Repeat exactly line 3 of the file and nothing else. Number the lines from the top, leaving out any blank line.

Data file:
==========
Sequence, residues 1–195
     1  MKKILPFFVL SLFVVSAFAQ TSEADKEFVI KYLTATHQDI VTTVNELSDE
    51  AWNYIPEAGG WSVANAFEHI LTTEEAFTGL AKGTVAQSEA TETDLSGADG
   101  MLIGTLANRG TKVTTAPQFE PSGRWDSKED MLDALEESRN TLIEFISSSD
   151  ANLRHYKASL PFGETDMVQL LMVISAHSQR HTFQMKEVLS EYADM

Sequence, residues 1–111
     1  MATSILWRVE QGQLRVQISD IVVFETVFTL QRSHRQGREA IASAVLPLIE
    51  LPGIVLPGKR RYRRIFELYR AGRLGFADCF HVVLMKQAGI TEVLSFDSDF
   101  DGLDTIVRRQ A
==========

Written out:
    51  AWNYIPEAGG WSVANAFEHI LTTEEAFTGL AKGTVAQSEA TETDLSGADG